BIŌNTE QUIMITŌX® responds to the challenge of detoxification in animal nutrition through two lines of work: Adsorption and Bioprotection

The use of mycotoxin adsorbents, also called mycotoxin sequestrants, binders, captators or grabbers, is the most common method of preventing mycotoxicosis.

Mycotoxin adsorbents are compounds of high molecular weight, non-digestible, capable of adsorbing mycotoxins without dissociating throughout the gastrointestinal tract of the animal, so that the mycotoxin-adsorbent complex is eliminated in the feces. This limits the bioavailability of the mycotoxin after ingestion as well as its distribution in the blood and target organs, minimizing its exposure to animals.

Mode of action and factors influencing its efficacy

The mycotoxin-adsorbent complex must not dissociate, and be stable in the gastro-intestinal tract. Its stability depends mainly on the pH and is related to the physical properties of the adsorbent.


The adsorption efficiency of mycotoxins depends on the molecular structure and physical properties of the adsorbent, as well as the physical and chemical properties of the mycotoxins. The physical properties involved in the adsorption process are pore size and distribution, total charge and charge distribution, and accessible surface area. On the other hand, different properties of adsorbed mycotoxins also play an important role, such as polarity, shape, size, low surface area and solubility, as well as uncoupling and charge distribution (in the case of ionized compounds).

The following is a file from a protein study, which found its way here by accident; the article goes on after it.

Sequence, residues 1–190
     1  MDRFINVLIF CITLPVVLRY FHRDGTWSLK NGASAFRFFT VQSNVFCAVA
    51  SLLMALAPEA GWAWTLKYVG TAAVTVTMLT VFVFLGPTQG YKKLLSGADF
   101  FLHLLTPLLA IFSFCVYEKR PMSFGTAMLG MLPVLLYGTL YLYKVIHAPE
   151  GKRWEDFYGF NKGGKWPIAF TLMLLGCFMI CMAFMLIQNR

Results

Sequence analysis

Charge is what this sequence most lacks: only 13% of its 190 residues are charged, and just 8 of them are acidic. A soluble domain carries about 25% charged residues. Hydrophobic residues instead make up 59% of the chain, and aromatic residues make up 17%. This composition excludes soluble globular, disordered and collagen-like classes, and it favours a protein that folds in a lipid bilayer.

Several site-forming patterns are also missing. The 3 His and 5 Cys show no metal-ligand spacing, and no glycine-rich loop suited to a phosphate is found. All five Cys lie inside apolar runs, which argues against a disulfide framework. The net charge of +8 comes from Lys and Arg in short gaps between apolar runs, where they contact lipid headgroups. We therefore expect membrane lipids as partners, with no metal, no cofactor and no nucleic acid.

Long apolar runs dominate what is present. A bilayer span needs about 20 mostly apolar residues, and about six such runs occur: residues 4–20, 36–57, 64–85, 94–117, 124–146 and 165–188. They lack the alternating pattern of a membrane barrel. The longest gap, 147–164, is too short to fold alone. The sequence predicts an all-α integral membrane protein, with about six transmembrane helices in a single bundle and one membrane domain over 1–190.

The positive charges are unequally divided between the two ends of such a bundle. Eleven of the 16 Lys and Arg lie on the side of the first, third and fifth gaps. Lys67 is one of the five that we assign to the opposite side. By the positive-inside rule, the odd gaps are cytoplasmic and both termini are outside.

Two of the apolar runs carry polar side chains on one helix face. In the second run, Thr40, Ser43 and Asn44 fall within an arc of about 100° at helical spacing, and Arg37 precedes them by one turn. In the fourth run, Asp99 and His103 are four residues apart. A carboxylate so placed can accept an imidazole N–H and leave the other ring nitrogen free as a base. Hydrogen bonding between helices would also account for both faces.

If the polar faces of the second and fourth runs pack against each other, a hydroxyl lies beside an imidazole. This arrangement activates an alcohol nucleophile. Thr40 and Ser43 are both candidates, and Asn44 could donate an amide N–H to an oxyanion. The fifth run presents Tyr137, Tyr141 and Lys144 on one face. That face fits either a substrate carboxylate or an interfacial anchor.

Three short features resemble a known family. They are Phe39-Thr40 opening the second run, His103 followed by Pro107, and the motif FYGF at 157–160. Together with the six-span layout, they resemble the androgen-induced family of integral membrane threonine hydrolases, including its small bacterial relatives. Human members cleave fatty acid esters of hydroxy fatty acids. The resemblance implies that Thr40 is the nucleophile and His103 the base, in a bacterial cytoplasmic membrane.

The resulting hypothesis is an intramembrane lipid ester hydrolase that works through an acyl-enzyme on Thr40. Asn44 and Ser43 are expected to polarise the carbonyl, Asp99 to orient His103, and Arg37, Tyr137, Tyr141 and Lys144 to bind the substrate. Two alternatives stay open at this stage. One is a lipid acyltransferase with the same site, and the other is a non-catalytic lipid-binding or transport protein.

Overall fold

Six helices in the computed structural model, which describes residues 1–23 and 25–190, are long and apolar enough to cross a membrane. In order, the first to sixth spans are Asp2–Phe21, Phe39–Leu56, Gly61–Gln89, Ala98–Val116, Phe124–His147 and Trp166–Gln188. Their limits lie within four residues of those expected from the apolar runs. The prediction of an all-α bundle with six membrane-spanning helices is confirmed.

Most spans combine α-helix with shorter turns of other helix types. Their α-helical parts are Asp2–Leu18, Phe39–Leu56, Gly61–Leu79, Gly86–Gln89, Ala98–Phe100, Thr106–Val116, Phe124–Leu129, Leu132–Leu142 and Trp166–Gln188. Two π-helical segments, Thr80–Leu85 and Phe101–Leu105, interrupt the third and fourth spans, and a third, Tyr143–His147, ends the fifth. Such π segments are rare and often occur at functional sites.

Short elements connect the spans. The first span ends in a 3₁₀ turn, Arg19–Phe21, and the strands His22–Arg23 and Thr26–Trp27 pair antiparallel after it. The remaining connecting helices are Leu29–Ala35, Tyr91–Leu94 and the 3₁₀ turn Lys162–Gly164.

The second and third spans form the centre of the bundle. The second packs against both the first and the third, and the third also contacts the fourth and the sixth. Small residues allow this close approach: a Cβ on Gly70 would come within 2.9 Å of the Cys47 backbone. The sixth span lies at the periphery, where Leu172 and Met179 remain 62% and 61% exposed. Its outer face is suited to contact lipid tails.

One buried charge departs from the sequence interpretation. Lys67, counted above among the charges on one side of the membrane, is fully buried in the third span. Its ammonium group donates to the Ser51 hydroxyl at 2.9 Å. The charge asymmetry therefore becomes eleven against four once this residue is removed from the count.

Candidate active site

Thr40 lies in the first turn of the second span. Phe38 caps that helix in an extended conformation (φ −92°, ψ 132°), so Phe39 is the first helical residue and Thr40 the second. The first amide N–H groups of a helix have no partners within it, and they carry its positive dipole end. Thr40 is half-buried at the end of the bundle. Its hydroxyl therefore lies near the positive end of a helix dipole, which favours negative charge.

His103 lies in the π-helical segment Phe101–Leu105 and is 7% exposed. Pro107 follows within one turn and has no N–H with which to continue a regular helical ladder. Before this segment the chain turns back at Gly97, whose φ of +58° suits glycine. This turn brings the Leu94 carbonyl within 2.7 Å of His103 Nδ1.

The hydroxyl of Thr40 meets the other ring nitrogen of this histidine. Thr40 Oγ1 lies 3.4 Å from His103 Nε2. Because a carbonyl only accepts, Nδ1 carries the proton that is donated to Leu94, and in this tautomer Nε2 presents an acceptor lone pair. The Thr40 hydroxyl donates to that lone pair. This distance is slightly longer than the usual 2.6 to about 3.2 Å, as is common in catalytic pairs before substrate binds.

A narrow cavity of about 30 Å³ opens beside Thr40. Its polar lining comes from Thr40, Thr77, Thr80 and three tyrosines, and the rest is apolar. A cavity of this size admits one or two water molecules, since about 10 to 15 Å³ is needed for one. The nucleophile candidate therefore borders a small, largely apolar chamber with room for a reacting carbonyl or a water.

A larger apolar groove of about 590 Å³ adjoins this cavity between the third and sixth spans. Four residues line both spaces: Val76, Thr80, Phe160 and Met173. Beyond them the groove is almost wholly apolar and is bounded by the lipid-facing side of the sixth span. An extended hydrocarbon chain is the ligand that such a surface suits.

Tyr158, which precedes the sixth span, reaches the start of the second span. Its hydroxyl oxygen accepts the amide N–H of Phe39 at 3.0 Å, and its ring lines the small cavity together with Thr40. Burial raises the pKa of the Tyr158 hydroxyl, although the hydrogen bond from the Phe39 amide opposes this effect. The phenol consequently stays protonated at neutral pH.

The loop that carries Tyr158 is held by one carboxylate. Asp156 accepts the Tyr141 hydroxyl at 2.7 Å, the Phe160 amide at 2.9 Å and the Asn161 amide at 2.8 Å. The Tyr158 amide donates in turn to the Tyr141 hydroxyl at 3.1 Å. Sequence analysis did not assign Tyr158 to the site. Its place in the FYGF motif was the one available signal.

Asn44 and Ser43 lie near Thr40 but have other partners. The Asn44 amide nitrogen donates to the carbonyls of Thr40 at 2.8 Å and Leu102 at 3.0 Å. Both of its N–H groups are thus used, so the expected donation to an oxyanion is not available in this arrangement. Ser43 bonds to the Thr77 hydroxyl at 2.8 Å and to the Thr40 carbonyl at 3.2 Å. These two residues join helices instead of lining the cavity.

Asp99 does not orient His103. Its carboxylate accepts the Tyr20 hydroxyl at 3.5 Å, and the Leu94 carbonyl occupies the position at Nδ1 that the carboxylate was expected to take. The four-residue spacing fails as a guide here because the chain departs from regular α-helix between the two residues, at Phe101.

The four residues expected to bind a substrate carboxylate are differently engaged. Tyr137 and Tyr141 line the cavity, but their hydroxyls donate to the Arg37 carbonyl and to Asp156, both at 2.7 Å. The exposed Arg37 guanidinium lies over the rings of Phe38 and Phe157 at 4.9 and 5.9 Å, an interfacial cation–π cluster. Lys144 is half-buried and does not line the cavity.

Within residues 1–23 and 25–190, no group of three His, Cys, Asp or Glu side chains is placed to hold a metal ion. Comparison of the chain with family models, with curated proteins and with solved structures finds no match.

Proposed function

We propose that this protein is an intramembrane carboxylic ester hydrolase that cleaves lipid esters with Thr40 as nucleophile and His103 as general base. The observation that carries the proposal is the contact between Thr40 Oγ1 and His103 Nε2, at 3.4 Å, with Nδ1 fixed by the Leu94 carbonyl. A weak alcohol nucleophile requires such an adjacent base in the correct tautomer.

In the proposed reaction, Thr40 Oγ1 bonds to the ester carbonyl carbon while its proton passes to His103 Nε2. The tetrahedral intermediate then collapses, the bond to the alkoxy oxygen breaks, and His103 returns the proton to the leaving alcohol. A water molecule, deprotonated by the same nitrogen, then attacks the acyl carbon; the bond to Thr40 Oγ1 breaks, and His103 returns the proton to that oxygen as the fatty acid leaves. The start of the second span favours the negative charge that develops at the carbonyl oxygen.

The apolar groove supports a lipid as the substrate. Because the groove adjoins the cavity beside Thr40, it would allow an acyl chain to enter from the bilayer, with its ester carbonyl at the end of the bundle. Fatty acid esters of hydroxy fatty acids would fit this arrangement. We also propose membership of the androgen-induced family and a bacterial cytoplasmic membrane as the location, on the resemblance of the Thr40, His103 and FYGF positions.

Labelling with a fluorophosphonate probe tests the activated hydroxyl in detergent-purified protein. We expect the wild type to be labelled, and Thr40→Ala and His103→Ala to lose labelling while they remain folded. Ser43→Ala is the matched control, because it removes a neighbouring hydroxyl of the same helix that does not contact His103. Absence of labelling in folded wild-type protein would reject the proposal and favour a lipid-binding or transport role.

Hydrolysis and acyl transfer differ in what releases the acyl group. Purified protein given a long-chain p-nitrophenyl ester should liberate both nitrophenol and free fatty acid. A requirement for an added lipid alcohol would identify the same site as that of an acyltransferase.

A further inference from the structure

Mycotoxin adsorbents are divided into two groups: inorganic and organic adsorbents. Inorganic adsorbents are mainly aluminosilicates, which are the largest class of mycotoxin adsorbents and the most widely used to counteract mycotoxicosis. Regarding aflatoxins, bentonites are reported to be the most promising adsorbents, however, not all bentonites are equal.

As for organic adsorbents, cell wall components derived from Saccharomyces cerevisiae yeasts are the most widely used materials. Yeast cell walls are mainly composed of β-glucans and mannan oligosaccharides (MOS) and showed the ability to adsorb a broader spectrum of mycotoxins both in vitro and in vivo.